Eliminating bias drives Freshfields’ diversity push
Ranked in The Times’ Top 50 Employers for Women, international law firm Freshfields Bruckhaus Deringer is working hard to build a more inclusive and open culture. A key step is ensuring all its partners recognise their unconscious bias that could affect how they recruit, employ and promote people. The firm chose Pearn Kandola to design and run the awareness training because of our in-depth knowledge in this area.
While acting as Freshfields’ Global HR Partner, Caroline Stroud gained top-level backing for a diversity plan aimed at creating an environment where everyone can thrive and feel their work is valued. Besides reaching consensus that this was simply the right thing to do, it was also driven by greater diversity within the firm’s client base and evidence that mixed groups make better decisions. The plan’s main goal was to address the under-representation of women at senior level. Failing to develop their potential was effectively wasting investment and resources.
‘We recruit equal numbers of male and female trainees, but this isn’t reflected in the number of women who go on to become partners. From our internal engagement survey and our own experience, we know that women tend to feel less motivated and confident, and often miss out in areas like work allocation, business development and client entertainment,’ says Caroline, who received an Opportunity Now award for her commitment to inclusive talent management.
To tackle the situation, alongside a focus on unconscious bias, initiatives such as coaching and skills development; mentoring; and women’s networks are now in place.
Unconscious bias is a key firm-wide focus as the firm encourages partners to think more carefully about the reasons for their decisions and whether their motivations are the right ones. The Pearn Kandola workshops, piloted by Freshfields’ corporate partners, covered all London-based partners, including members of the partner recommendation committee and those involved in recruitment interviews. To reflect real life, people who normally work together attend the same workshops.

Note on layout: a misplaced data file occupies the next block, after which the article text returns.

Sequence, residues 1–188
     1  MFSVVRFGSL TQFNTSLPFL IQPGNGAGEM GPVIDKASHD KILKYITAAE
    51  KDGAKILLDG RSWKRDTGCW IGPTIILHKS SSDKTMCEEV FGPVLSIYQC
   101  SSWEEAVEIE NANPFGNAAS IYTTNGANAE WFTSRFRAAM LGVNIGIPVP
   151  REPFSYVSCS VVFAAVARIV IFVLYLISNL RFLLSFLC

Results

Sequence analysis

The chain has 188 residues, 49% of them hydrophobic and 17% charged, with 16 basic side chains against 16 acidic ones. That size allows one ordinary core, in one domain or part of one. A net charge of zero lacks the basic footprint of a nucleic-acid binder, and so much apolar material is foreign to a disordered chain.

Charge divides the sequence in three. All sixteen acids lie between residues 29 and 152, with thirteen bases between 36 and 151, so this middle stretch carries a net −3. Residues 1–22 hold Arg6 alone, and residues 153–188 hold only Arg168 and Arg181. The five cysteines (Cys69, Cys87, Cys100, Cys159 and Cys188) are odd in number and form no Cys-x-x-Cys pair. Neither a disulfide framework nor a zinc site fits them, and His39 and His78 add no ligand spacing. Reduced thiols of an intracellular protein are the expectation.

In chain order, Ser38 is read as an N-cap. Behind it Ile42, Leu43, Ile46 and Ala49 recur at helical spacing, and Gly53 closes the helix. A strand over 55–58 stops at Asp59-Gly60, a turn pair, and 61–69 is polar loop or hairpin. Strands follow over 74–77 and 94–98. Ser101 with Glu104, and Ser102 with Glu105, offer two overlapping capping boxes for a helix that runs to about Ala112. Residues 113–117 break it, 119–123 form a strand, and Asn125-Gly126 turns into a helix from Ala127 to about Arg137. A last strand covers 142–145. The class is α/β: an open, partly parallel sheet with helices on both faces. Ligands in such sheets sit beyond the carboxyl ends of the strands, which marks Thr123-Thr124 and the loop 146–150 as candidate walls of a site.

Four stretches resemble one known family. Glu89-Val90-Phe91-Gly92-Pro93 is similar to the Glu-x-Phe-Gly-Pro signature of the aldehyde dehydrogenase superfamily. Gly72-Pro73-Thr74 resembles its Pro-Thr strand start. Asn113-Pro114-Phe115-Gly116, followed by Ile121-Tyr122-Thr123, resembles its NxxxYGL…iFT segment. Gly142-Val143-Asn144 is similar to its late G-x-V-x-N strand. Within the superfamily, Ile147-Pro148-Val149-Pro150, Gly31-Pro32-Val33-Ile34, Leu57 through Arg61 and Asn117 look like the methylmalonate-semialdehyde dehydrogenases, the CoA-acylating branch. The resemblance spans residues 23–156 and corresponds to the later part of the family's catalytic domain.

The picture across the firm is now beginning to change, says Caroline: ‘The subject of unconscious bias is much more transparent to the extent that it’s now on the agenda at the partner conference. There’s also some evidence that our culture is becoming more supportive generally and that people are being shown greater consideration in terms of discussion and advice.’
Kate Laffar, Freshfields’ Head of Diversity and Inclusion, adds: “Like many other professional services firms, we acknowledge the importance of eliminating unconscious bias in achieving greater balance and diversity of people. Pearn Kandola’s programme was a valuable first step in creating a broader awareness of the issue. We now want to build on this to develop a robust approach that will make a positive difference in the longer term.”